belonging to the company, employed shipbrokers, to procure a purchaser. They accordingly negotiated a sale of the vessels upon the terms fixed by the directors, with C.; the negotiation, however, went off, upon an objection urged by C.'s solicitor, that the directors had no power to sell the whole of the vessels, except in the event of the winding up of the company, with the consent of the shareholders, which had not been obtained :-Held, that the brokers were not entitled to maintain an action against the directors upon an implied warranty, that they had authority to sell, which, in point of fact, they had not. Wilson v. Miers, 10 C. B., N. S. 348;

3 L. T. 780.

j. Ratification and Adoption of. By Company.]-A. and B. agreed with C., on behalf of a company intended to be formed, that A. and B. should sell and the company buy a certain business, and it was a term of the agreement that sixty guineas should be paid to J. and P., solicitors, for their expenses and charges in registering the company. The memorandum of association adopted this agreement, and the directors subsequently ratified it. An order having been made for winding up the company, J. and P. claimed to prove for the sixty guineas: -Held, that the claim must be disallowed, for that the contract between A. and B. and C. having been entered into before the company was in existence, could not by mere ratification be made binding on the company, and that a contract between A. and B. and the company, to which J. and P. were in no way parties, that the company should pay money to J. and P., would not entitle J. and P. to proceed against the company. Gregory v. Williams (3 Mer. 582) explained. Empress Engineering Company, In re, 16 Ch. D. 125; 43 L. T. 742; 29 W. R. 342-C. A. See also cases ante, cols. 338, 339.

By Directors.]-When the directors of a company have power to make a contract, they must necessarily have the power also of ratifying a contract to the like effect made on their behalf; and, having ratified it, they can the less repudiate it where they have given possession under the contract. Wilson v. West Hartlepool Harbour and Railway Company, 2 De. G., J. & S. 475; 34 L. J., Ch. 241; 11 Jur., N. S. 124; 11 L. T. 692; 13 W. R. 361.

The 8 & 9 Vict. c. 16, s. 97, which points out in what manner the powers of directors to contract may be lawfully exercised, while enacting that all contracts made according to its provisions shall be binding, does not enact that contracts otherwise entered into shall not be binding; the act being affirmative, it takes away none of the existing rights and remedies, and does not deprive a court of equity of any equity or jurisdiction which it previously possessed. Ib.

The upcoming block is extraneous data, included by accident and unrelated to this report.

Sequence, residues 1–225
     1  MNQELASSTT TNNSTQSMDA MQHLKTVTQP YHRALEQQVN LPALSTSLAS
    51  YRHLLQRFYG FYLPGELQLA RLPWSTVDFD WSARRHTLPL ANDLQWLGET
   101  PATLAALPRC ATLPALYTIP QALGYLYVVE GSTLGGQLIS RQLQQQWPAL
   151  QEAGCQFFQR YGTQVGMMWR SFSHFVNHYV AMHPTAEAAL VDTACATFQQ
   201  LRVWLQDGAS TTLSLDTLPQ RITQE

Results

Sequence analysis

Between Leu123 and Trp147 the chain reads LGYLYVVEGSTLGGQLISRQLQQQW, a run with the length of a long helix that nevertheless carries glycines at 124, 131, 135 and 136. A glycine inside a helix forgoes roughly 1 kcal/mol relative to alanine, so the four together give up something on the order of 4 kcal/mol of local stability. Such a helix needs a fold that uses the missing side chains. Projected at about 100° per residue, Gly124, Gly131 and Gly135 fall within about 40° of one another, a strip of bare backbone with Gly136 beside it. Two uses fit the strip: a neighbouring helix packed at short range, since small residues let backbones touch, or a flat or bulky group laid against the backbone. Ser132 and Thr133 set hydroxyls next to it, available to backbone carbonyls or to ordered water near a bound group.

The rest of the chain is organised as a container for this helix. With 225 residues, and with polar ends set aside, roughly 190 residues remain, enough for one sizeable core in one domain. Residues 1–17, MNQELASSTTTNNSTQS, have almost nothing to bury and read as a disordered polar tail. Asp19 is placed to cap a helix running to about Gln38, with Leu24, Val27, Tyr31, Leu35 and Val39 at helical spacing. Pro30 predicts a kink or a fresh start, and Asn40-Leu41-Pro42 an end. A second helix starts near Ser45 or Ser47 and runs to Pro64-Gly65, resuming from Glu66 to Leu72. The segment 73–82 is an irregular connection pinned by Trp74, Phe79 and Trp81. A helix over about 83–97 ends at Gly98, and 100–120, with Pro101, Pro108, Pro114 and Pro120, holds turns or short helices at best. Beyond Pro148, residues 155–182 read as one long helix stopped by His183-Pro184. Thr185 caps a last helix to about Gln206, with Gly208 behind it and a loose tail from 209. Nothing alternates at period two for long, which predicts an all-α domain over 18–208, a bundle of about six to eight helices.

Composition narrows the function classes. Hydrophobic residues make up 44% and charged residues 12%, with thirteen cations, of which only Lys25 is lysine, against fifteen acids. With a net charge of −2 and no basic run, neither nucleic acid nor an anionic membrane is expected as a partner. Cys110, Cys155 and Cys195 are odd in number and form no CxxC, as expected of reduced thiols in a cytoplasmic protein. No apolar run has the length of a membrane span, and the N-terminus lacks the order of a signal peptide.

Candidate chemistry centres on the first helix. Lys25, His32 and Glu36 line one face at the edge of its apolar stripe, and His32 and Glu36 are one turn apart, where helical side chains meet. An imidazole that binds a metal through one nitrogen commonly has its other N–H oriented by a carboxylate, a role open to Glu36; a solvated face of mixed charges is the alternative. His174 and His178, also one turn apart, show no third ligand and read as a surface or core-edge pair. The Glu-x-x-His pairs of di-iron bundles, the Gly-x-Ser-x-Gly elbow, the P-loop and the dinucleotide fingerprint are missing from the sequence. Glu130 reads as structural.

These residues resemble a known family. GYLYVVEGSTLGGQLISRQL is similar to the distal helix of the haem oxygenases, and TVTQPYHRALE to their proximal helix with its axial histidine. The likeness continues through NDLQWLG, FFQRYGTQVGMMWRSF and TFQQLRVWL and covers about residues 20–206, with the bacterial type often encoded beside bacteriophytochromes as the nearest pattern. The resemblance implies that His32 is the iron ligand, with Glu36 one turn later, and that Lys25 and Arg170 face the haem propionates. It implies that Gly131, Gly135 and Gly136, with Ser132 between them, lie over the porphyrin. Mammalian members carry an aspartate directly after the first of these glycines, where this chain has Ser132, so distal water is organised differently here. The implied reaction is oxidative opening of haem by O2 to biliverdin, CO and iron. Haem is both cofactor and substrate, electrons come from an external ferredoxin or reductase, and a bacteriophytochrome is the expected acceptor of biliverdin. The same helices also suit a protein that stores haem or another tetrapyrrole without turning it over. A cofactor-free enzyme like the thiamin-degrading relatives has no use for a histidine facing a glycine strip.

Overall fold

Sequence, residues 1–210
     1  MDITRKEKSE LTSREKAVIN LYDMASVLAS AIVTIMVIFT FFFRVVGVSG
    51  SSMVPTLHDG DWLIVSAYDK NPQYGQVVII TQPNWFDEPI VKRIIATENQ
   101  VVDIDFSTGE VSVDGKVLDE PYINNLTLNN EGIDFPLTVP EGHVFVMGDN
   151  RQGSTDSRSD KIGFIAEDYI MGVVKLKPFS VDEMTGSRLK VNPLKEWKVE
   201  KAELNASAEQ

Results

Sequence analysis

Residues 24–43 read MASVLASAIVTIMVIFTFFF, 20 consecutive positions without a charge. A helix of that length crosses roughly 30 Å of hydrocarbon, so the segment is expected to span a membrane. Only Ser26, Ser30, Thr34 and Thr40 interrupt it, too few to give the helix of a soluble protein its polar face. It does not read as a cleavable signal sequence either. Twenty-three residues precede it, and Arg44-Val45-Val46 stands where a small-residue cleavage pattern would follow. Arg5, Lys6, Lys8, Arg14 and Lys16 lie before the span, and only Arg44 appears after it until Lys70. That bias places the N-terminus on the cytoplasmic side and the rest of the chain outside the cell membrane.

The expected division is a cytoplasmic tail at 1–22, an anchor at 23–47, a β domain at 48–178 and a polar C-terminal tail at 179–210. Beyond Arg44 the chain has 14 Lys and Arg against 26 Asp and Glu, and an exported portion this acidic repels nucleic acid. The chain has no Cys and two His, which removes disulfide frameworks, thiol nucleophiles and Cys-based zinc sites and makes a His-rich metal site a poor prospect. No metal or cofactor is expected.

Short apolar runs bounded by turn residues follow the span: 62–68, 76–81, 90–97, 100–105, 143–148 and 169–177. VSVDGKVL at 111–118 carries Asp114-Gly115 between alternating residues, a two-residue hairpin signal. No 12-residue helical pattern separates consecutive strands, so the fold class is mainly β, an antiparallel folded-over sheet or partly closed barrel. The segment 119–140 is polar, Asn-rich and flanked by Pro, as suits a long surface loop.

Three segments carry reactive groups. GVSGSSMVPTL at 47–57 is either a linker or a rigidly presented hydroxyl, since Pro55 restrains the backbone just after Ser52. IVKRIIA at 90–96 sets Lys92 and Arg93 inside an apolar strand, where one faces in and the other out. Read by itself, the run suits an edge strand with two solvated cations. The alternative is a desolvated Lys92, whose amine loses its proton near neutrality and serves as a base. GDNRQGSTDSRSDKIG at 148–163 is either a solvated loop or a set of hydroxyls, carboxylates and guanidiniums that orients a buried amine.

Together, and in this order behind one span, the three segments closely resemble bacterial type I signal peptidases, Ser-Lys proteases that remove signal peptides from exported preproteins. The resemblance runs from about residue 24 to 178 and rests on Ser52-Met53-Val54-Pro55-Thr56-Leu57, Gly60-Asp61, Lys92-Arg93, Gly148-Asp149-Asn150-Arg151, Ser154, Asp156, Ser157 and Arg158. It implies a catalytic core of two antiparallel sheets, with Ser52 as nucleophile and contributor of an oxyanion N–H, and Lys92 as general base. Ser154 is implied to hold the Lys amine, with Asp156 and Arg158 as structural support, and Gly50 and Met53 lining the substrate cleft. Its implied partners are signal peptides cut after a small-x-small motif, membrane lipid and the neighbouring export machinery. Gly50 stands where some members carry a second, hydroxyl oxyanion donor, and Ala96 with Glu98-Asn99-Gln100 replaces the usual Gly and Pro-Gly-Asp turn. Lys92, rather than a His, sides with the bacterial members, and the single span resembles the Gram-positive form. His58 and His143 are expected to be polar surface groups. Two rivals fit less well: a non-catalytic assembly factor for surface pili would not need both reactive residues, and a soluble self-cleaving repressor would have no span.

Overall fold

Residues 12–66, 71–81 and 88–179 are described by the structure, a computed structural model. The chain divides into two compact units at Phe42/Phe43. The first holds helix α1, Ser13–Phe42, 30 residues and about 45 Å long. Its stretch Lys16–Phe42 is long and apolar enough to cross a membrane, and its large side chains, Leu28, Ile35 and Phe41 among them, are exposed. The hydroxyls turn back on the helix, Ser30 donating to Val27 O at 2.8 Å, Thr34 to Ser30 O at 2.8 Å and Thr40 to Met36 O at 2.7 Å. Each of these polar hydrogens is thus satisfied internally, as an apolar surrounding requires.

A. having by letters entered into a contract with the manager of a company for the purchase of lands, a branch line of railway was in accordance with the terms laid down by the company's servants, plant and machinery were removed to the purchased lands by the company, and A. was let into possession:- Held, that although the manager had at the outset no authority to make the contract at all, these subsequent acts of the directors had made it binding upon them. Ib.

Agreement ultra vires.]-A deed of settlement of an electric telegraph company, incorporated by royal charter, empowered the directors to manage the affairs of the company, and to exercise all the powers of the company at large; but contracts, the consideration for which did not exceed 501., were required to be signed by at least three individual directors, or sealed with the seal of the company under the authority of a special meeting, or a resolution of the directors. The chairman of the company made a parol agreement with the plaintiff, by which he was to be allowed 50l. per cent. on messages sent and received through the company's lines, and with his own hand entered a memorandum of the agreement in the minute-book of the company The agreement was afterwards referred to and recognized in a correspondence between the plaintiff and the secretary of the company, and accounts were rendered and payments received by the plaintiff under the agreement by cheques; but there had not been a contract signed by three directors, nor under the seal of the company :Held, that assuming the agreement to be ultra vires of the chairman, it had been ratified and adopted by the company so as to render the company liable. Reuter v. Electric Telegraph Company, 6 El. & Bl. 346; 26 L. J., Q. B. 46; 2 Jur., N. S. 1245.

A landowner withdrew his opposition in parliament to a harbour and railway bill, on an agreement with the promoters that the company would take his land on certain terms. After the passing of the act the landowner brought an action for breach of the agreement against the promoters, which was stayed on the company being made (by arrangement) defendants to a new action, and suffering judgment for the demand-Held, that the company thereby adopted the agreement, whether it would have been otherwise binding on them or not, and that it was not vitiated by one of its terms being that the company should pay the costs of the landowner's opposition to the bill. Williams v. St. George's Harbour Company, 2 De G. & J. 547; 27 L. J., Ch. 691; 4 Jur., N. S. 1066.



a. Powers of Company.
i. Extent of.

General Power not abridged by express Power.]-The articles of association provided that the company might, with the sanction of a general meeting, borrow money not exceeding in amount the one-half of the nominal capital, upon mortgage:-Held, that the express power did not negative the general power, the rule being that a company may mortgage its property unless expressly prohibited by its articles from so doing. Patent File Company, In re, Birmingham Banking Company, Ex parte, 6 L. R., Ch. 83; 40 L. J., Ch. 190; 19 W. R. 183. The memorandum of association of a company, whose nominal capital was 100,000l., stated its objects to be the manufacturing and selling of files and steel, and the doing all such other things (including the acquiring and disposing of lands and buildings) as were incidental or con